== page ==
What Is Bluestone?

Bluestone Pavers Come in a Variety of Shapes, Colors, and Sizes

Image of bluestone paver patio.
The color of the bluestone pavers on this patio is picked up by the chairs chosen to furnish it.

The Spruce / David Beaulieu

Bluestone for patios is durable, attractive, and ideal for all kinds of uses. Bluestone is a natural stone that can also be used for pool decks, stone steps, or entryways. Both types of U.S. bluestone have long been used as pavers in hardscapes

What Is Bluestone?

Bluestone is a common type of sedimentary rock, meaning the stone is formed from deposits accumulated on the Earth's surface. Bluestone is used for construction. There are two varieties: Pennsylvania and Shenandoah bluestone. Pennsylvania bluestone, which is a sandstone, is a type of sedimentary rock made of sand-sized grains. Shenandoah bluestone, which is a limestone, is also a type of sedimentary rock, but it's made mostly of calcium carbonate.

Bluestone Pavers Color and Shape

Bluestone pavers or slabs come in several sizes and shapes: they may be cut in uniform sizes such as squares, rectangles, or they might be cut for a more natural look with jagged edges and irregular shapes. What you use in your paving project is a matter of taste, although the irregular sizes lend themselves to more free-form designs such as walkways and stepping stones. Uniform pieces will be easier to work with, of course, since mapping out the area to cover will require less work.

The Pros of Bluestone in a Landscape

Bluestone is durable and will last many years. Its natural earth-tone colors are gracious and attractive and complement almost any landscape. Its rough surface also means that it rarely gets slick or slippery. Further, it's readily available and it comes from quarries in the United States, so there is no overseas shipping to add to its cost, which is already somewhat high.

Bluestone can tolerate all kinds of weather and temperature fluctuations—you can incorporate it into your landscape wherever you live, whether you endure snow and ice or desert heat.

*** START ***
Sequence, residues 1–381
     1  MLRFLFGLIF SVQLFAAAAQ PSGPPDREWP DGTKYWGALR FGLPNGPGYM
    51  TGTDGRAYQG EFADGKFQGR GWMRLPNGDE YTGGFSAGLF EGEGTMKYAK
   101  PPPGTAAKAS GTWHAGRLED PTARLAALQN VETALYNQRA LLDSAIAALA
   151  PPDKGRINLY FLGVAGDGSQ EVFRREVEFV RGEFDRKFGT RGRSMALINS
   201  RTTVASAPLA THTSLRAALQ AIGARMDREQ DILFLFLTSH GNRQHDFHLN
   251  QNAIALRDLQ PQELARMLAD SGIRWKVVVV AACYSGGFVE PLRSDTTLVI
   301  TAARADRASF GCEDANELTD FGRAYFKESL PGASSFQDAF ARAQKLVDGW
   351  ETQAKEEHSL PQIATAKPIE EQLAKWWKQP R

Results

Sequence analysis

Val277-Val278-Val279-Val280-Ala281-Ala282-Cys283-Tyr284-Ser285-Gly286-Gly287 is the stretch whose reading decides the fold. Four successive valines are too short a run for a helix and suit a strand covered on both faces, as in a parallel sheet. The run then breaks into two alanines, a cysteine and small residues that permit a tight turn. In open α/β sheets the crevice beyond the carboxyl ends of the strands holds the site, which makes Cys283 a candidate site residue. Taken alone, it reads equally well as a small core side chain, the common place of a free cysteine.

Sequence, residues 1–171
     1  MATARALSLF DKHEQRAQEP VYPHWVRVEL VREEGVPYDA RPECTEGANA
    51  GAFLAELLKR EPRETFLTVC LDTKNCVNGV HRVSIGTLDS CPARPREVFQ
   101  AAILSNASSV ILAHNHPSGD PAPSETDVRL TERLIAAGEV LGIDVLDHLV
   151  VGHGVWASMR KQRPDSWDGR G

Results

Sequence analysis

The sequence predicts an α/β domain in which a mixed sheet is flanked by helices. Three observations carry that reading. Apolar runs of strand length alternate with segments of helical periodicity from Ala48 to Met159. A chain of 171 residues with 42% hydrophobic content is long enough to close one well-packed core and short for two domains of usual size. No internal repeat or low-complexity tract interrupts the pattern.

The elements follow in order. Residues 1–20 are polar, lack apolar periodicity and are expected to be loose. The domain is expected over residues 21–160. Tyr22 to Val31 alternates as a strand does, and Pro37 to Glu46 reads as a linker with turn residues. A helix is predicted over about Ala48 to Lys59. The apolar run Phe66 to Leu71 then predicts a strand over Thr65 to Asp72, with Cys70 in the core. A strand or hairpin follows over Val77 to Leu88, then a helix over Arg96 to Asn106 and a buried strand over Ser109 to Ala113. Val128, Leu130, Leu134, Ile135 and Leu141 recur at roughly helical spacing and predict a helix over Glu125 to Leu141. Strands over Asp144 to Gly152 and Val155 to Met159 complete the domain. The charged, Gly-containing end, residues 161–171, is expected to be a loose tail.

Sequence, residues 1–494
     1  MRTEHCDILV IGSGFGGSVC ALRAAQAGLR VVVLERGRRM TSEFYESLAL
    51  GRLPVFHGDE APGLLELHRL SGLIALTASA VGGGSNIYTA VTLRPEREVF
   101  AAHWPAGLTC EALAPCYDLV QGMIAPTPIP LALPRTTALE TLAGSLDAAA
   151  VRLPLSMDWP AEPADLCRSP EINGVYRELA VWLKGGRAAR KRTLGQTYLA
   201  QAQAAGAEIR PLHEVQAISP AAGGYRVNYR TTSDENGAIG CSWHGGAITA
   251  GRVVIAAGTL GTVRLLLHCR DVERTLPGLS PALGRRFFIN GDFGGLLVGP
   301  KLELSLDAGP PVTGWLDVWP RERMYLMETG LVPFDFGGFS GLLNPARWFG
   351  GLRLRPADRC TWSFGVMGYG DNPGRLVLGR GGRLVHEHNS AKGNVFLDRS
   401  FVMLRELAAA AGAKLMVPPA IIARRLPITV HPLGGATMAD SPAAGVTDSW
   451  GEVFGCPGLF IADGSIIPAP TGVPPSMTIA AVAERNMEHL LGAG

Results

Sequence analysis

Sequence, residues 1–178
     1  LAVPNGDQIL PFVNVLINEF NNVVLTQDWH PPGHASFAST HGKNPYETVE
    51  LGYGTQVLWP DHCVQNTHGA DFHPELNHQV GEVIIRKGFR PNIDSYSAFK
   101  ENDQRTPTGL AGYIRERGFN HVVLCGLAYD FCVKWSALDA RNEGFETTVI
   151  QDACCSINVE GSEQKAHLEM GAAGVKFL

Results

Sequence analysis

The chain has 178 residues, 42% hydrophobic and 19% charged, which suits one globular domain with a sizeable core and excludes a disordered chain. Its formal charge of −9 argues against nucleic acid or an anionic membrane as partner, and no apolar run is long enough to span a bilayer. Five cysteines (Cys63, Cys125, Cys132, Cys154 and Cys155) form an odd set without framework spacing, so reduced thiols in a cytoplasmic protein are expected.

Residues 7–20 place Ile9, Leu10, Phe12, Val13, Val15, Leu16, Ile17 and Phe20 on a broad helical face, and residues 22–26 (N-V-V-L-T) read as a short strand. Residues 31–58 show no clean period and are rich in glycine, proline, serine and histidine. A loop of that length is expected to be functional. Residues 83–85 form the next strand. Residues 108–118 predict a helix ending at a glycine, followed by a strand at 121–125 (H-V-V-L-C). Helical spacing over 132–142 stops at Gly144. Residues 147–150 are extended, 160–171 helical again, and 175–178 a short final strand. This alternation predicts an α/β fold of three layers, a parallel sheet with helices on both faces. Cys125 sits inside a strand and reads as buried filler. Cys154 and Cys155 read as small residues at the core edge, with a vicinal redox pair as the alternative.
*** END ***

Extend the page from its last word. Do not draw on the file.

Fun Fact

In 1938, artist Harvey Fite acquired a deserted bluestone quarry in the town of Saugerties, NY. Over the next 37 years, he created a giant sculpture garden, now known as Opus 40, from the stone. Today, locals and tourists alike enjoy visiting the park.

The Cons of Bluestone in a Landscape

An obvious disadvantage to bluestone is its cost—any natural material will be more expensive than a manmade material such as concrete pavers or bricks, and bluestone is especially prized for its beauty. It can be harder to install bluestone than concrete or bricks because it is commonly irregularly shaped and also may not have a standard depth.

The darker colors can get hot, so bluestone might not always be a good choice pool-side where you and your family are walking barefoot. 

Another consideration is that you will need to seal it to protect it from damage due to debris, salt, or chemicals, such as chlorine.

Tips for Buying and Installing Bluestone

Before choosing your bluestone pavers, first, decide whether you want irregular pavers or uniform size pavers. Irregular will be harder to install but may fit better with your existing garden design. 

Be aware that bluestone is a natural material, and so even uniform sizes will have imperfections: small clefts or crevices, or rust stains, for instance. Consider these irregularities part of the beauty of the stone. Here are more tips on installing bluestone:

  • Bluestone generally is 1 inch to 1.5 inches thick. Typically, a palette of 1.5-inch bluestone pavers will cover about 180 square feet, while 1-inch-thick bluestone pavers will cover approximately 220 square feet.
  • You can install bluestone on a range of materials including sand, cement, or gravel, just like most other pavers. It's important to compact the soil and properly prepare and level the area where you want to lay the bluestone.
  • Edging bluestone pavers stabilizes it and will keep it from shifting.